But he was not sick there. He thought that he was sick in his heart if you could be sick in that place. Fleming was very decent to ask him. He wanted to cry. He leaned his elbows on the table and shut and opened the flaps of his ears. Then he heard the noise of the refectory every time he opened the flaps of his ears. It made a roar like a train at night. And when he closed the flaps the roar was shut off like a train going into a tunnel. That night at Dalkey the train had roared like that and then, when it went into the tunnel, the roar stopped. He closed his eyes and the train went on, roaring and then stopping; roaring again, stopping. It was nice to hear it roar and stop and then roar out of the tunnel again and then stop.

I literally used to do that. During the boring lectures in the programs at my missionary school, I used to do that (opening and closing ear-flaps) and entertained myself. I thought I knew a trick that no one knew. It was mine. Mine. But this strange author came and took that away. For the first time, I realized what words could do to a person. I read that part again and again. After that, I came across this paragraph,

He turned to the flyleaf of the geography and read what he had written there: himself, his name and where he was.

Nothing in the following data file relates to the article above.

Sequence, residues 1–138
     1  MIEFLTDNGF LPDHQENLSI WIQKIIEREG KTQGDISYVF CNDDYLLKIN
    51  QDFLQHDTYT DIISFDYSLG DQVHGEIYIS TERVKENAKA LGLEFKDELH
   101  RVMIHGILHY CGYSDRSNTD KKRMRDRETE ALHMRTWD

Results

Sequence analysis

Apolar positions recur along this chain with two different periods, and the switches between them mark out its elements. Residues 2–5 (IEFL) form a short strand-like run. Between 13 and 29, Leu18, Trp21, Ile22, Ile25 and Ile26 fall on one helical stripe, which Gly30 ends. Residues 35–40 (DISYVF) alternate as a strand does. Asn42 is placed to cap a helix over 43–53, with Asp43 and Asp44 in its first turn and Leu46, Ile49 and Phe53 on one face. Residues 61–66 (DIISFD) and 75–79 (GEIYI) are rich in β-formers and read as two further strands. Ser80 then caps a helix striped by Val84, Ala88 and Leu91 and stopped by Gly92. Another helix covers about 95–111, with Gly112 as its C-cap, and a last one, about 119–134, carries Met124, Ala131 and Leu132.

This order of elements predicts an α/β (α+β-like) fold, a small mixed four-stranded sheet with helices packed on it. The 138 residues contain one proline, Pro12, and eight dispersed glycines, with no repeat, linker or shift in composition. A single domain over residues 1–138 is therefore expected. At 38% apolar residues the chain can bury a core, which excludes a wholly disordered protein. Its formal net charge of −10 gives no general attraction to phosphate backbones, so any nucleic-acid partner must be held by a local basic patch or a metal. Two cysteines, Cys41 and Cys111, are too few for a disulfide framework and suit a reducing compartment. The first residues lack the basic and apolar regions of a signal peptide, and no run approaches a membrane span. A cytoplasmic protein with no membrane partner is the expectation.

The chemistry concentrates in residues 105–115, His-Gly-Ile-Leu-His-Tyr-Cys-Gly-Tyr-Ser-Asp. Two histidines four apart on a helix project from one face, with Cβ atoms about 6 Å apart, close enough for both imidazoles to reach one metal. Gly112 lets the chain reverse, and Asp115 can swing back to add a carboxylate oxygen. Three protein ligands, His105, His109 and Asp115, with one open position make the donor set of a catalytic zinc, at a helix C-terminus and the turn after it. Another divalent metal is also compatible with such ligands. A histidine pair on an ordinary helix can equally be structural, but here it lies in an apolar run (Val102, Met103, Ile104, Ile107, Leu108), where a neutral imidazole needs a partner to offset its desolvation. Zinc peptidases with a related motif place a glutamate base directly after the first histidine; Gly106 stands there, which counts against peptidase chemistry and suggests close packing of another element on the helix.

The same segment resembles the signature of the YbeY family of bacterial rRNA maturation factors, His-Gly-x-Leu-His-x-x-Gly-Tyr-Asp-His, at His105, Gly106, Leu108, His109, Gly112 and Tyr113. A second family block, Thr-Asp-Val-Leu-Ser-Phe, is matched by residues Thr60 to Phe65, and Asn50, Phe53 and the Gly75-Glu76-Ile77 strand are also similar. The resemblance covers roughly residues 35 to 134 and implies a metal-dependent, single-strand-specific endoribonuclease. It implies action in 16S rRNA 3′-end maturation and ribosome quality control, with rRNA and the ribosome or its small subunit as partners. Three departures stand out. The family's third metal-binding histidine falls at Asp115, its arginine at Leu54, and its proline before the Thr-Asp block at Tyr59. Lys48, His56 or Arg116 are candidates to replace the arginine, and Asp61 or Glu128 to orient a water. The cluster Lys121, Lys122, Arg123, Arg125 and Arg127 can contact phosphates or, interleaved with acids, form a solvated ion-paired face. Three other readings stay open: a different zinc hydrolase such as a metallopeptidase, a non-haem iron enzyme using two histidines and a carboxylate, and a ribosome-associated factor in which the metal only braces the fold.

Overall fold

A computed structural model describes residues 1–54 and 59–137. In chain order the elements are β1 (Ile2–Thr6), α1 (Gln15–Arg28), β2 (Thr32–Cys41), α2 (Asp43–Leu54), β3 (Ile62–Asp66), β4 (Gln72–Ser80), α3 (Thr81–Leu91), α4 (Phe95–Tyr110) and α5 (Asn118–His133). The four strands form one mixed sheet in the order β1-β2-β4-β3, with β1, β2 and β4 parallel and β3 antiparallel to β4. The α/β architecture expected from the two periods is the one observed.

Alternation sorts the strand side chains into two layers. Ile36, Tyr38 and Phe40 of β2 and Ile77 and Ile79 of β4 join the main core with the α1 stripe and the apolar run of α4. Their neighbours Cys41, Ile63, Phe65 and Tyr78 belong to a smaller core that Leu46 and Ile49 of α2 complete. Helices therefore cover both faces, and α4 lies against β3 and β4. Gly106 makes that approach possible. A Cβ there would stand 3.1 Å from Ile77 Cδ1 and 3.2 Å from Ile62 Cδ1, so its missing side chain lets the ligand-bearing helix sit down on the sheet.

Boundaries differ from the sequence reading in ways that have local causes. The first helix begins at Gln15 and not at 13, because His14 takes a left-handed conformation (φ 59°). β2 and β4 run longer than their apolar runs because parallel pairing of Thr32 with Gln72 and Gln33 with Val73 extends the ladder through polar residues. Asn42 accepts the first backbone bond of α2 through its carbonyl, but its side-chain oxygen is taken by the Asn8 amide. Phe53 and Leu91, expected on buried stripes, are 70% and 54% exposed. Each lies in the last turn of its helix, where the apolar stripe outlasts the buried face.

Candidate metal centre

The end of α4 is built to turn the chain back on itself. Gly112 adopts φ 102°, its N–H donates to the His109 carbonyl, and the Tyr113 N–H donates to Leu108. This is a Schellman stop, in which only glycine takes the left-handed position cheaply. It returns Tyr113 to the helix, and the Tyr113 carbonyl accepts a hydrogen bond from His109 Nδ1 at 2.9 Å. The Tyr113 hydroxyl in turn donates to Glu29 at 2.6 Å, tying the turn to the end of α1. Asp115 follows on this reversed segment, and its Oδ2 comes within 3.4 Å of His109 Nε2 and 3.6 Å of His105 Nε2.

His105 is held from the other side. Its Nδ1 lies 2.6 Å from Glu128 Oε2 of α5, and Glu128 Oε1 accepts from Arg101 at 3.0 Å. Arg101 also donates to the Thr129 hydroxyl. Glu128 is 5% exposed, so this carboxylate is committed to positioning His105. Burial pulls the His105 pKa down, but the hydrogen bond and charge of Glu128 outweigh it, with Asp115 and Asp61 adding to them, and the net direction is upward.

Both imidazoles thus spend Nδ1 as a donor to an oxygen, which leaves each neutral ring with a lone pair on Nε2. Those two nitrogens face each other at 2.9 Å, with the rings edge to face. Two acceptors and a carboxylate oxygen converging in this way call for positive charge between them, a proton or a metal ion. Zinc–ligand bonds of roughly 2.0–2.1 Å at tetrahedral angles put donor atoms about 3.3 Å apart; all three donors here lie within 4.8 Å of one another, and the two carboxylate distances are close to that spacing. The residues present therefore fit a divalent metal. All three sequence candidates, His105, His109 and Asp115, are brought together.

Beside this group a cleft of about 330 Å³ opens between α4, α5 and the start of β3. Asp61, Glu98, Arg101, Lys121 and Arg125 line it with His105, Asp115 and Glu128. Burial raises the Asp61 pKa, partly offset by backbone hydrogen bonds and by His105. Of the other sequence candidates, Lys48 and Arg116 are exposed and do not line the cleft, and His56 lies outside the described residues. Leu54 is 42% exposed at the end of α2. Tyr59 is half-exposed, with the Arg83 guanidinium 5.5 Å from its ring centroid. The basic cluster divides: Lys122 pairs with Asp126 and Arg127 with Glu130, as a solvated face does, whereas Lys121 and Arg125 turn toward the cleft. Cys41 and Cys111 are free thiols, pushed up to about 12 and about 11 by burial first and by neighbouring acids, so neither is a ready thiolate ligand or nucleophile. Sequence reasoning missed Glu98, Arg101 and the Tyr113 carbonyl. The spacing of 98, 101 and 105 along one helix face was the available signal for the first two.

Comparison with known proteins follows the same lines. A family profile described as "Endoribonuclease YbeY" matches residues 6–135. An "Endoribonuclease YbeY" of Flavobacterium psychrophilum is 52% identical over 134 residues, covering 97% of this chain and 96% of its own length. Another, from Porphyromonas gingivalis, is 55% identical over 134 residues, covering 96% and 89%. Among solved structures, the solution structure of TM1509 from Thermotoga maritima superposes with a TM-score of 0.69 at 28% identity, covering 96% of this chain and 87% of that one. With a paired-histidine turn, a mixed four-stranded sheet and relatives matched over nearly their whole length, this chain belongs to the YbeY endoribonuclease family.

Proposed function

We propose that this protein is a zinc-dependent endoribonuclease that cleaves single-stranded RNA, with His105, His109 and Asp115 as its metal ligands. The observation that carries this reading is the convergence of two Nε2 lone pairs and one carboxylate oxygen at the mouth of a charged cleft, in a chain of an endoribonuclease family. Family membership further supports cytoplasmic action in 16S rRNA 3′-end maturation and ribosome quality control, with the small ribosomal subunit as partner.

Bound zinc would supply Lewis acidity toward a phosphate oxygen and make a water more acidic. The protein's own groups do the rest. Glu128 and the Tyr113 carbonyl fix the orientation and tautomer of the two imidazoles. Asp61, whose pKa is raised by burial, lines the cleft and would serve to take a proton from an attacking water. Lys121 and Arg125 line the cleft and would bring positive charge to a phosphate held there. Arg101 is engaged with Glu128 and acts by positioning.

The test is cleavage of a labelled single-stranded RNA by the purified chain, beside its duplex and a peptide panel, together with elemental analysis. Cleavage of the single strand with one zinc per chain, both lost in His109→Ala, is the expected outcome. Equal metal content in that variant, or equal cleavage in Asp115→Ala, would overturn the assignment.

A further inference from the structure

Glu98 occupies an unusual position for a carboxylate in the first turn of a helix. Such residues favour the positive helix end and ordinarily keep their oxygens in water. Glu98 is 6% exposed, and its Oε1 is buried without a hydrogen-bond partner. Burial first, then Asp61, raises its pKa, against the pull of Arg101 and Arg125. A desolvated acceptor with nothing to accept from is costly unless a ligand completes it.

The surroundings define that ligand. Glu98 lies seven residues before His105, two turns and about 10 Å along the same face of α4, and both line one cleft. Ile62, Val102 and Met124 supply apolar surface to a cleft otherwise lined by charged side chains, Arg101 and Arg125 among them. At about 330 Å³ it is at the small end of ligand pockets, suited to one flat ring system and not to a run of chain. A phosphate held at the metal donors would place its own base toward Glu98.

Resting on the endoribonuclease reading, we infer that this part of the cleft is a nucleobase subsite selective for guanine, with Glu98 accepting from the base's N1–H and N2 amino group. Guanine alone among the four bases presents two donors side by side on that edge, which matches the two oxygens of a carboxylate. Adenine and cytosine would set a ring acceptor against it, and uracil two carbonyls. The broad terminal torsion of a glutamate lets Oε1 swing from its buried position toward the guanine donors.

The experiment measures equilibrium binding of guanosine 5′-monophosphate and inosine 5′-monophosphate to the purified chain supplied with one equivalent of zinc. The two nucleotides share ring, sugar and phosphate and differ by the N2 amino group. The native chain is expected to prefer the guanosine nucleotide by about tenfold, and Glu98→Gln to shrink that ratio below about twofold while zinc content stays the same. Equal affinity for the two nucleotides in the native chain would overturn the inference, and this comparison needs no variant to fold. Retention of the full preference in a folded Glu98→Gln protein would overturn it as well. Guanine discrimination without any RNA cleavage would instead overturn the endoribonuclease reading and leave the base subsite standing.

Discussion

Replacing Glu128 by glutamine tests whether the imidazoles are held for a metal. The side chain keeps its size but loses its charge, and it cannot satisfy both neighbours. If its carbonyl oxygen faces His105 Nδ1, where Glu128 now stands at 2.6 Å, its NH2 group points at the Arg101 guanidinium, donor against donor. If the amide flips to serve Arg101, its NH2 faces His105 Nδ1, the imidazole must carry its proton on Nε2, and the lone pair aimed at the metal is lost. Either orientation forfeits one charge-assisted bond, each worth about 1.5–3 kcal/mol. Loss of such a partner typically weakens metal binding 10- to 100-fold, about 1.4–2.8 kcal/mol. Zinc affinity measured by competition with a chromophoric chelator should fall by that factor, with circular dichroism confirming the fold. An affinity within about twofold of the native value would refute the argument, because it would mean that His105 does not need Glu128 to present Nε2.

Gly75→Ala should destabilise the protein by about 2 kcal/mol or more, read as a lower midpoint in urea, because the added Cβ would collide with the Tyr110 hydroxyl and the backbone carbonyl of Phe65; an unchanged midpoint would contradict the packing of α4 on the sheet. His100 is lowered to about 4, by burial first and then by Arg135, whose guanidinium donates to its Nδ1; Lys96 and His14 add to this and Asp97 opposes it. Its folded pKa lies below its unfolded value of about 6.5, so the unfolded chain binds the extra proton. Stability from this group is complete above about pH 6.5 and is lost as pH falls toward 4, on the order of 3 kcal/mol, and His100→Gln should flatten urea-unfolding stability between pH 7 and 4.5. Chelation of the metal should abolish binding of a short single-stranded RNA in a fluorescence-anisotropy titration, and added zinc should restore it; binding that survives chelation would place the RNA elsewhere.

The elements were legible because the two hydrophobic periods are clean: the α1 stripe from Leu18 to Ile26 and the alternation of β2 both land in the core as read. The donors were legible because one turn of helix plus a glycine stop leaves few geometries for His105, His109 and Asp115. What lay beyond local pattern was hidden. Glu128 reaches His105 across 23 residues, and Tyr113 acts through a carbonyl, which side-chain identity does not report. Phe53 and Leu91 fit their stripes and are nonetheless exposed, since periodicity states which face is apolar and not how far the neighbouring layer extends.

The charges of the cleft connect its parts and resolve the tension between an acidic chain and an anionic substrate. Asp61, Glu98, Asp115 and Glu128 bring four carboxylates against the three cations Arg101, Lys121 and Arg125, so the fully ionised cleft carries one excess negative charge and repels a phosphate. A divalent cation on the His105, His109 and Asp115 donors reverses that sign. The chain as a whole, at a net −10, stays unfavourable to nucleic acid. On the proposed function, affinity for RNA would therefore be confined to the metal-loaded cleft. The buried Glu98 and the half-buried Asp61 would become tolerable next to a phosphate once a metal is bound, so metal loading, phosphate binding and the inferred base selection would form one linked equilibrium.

Stephen Dedalus

Class of Elements

Clongowes Wood College


County Kildare



The World

The Universe

I wrote that in my school copies. (Anirban Nanda, Class 4, Section A, Saradamoni Sisu Niketan, Haldia, West Bengal, India, Asia, World, Universe.) How the hell Joyce knew that?

Though winter is short in my country, I cherished those nights inside quilt as described below.

First came the vacation and then the next term and then vacation again and then again another term and then again the vacation. It was like a train going in and out of tunnels and that was like the noise of the boys eating in the refectory when you opened and closed the flaps of the ears. Term, vacation; tunnel, out; noise, stop. How far away it was! It was better to go to bed to sleep. Only prayers in the chapel and then bed. He shivered and yawned. It would be lovely in bed after the sheets got a bit hot. First they were so cold to get into. He shivered to think how cold they were first. But then they got hot and then he could sleep. It was lovely to be tired. He yawned again. Night prayers and then bed: he shivered and wanted to yawn. It would be lovely in a few minutes. He felt a warm glow creeping up from the cold shivering sheets, warmer and warmer till he felt warm all over, ever so warm and yet he shivered a little and still wanted to yawn.